"Shield and Crocus is a high concept idea that is executed brilliantly and completely satisfying. A high fantasy team of super powered rebels fights for good in a strange city ruled by evil tyrants." —The Thousand Lives of John Zelznik

"I had a lot of fun with this book. I’m a long-time comic book reader/fan and love the sword and sorcery genre so it was in my DNA to enjoy Shield and Crocus." —SFFWorld

"A few authors in recent times have attempted to tell a superhero story with prose rather than graphics, with mixed levels of success. In my opinion, the story Underwood has crafted is by far the best and most balanced superhero novel I have read." —Fantasy Book Review

"For fans of weird fiction in the mood for something with more of a superhero leaning, and vice versa, I think this will deliver. The pacing is fast enough to appease superhero fans but with enough detail in the prose to keep you orientated throughout the strange world Underwood’s created." —Adventures in Sci Fi Publishing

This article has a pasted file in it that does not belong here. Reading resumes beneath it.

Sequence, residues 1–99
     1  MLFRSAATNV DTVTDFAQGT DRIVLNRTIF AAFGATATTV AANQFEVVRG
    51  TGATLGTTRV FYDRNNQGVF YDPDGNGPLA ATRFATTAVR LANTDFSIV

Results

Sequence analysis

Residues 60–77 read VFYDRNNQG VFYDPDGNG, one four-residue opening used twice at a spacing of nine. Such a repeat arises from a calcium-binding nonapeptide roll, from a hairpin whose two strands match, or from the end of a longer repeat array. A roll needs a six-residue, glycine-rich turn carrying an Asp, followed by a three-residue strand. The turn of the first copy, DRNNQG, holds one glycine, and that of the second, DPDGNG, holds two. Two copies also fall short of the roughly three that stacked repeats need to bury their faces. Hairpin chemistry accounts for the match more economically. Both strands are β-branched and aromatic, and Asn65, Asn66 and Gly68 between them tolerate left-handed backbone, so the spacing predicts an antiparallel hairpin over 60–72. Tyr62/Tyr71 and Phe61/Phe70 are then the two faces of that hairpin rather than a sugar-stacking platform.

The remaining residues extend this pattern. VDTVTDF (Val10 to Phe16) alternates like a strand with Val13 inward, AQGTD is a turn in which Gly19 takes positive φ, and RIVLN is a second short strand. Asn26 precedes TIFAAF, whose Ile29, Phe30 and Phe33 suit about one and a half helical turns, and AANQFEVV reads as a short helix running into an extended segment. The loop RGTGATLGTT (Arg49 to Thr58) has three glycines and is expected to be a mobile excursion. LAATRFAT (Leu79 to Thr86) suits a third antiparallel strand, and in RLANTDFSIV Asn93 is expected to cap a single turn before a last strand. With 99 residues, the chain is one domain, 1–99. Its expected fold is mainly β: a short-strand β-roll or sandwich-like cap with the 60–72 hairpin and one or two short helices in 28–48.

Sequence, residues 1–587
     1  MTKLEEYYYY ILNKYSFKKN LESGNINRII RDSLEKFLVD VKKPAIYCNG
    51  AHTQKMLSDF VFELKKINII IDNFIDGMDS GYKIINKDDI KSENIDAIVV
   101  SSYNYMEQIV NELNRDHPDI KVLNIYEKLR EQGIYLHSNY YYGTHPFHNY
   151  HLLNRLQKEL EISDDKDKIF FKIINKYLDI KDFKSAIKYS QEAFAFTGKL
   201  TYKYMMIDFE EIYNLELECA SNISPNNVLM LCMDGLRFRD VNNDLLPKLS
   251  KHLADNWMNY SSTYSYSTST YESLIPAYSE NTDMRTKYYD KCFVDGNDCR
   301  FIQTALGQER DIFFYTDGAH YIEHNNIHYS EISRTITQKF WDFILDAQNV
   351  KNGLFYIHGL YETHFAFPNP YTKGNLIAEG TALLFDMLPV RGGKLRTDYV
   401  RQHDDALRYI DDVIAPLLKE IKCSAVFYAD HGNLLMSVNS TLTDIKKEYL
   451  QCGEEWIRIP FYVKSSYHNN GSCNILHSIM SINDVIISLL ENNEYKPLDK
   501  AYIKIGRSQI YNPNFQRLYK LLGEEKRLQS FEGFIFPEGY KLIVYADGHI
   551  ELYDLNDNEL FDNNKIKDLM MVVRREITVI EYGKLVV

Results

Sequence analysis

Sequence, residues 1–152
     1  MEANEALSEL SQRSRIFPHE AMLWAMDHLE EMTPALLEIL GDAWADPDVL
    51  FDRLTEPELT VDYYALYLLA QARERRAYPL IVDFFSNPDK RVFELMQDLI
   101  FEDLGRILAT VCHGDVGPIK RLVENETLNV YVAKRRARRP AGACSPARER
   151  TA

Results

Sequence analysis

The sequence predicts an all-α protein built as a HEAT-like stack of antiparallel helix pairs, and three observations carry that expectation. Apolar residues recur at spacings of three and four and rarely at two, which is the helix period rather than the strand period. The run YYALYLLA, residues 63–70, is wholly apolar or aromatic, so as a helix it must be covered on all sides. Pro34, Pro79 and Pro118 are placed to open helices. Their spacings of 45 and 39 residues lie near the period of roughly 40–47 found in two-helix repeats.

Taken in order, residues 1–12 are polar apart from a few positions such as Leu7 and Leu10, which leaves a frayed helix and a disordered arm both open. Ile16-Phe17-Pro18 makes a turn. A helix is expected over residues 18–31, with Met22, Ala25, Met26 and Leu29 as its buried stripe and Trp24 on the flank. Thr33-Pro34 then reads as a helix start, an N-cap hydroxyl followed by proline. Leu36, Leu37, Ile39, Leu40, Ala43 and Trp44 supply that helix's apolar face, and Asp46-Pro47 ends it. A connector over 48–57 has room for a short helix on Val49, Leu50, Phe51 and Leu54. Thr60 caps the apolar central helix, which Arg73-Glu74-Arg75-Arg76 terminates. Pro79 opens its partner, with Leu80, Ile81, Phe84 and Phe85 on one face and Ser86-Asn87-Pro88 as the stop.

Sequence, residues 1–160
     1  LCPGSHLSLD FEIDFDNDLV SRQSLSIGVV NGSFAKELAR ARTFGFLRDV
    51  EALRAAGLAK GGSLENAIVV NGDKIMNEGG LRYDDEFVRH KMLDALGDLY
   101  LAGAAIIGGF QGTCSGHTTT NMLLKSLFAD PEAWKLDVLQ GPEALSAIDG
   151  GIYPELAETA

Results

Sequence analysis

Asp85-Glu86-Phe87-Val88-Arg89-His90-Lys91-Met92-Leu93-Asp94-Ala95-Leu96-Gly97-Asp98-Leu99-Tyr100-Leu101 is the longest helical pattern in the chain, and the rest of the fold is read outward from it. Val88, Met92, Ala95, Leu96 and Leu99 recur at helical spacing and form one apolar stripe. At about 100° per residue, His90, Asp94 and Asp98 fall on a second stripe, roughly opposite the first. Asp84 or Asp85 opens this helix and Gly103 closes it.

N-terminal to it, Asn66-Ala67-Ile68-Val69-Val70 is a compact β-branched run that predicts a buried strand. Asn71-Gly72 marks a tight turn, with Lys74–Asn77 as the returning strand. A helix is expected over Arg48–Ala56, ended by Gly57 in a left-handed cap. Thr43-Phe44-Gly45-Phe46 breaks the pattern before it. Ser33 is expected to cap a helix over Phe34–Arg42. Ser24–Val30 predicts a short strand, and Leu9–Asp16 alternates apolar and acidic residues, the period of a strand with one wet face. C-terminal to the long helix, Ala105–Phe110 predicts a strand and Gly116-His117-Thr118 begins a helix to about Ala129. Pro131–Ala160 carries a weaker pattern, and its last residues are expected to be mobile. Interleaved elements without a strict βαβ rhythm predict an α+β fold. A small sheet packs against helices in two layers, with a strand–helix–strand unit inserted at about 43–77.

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Product Details

  • File Size: 4019 KB
  • Print Length: 418 pages
  • Publisher: 47North (June 10, 2014)
  • Publication Date: June 10, 2014
  • Sold by: Amazon Digital Services LLC
  • Language: English
  • Text-to-Speech: Enabled
  • X-Ray:
  • Word Wise: Enabled
  • Lending: Not Enabled
  • Enhanced Typesetting: Not Enabled
  • Amazon Best Sellers Rank: #291,228 Paid in Kindle Store (See Top 100 Paid in Kindle Store)
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Customer Reviews

Top Customer Reviews

Format: Kindle Edition
Fantasies always have a learning curve. They are set in new worlds, with new rules and it takes time to learn those. The challenge I had with this novel is that it is fantasy with superheroes. So not only are the names complicated for the characters every super hero has an alter ego and on top of that a different species. I’m horrible with names so I spent 40% of the novel trying to remember who was who. My suggestion is to read a couple chapters and then read the glossary in the back and make a sheet so as not to be confused or you can just use the list I made.

Name / Superhero Name / Species
Wonlar / First Sentinel /Ikanollo
Selweh / Aegis / Ikanollo
Rova / Saphire / Freithin
Wenlizerachi / Blurred Fists / Pronai
Sarii / Salreslate / Jalvai
Bira / Ghost Hands / Qava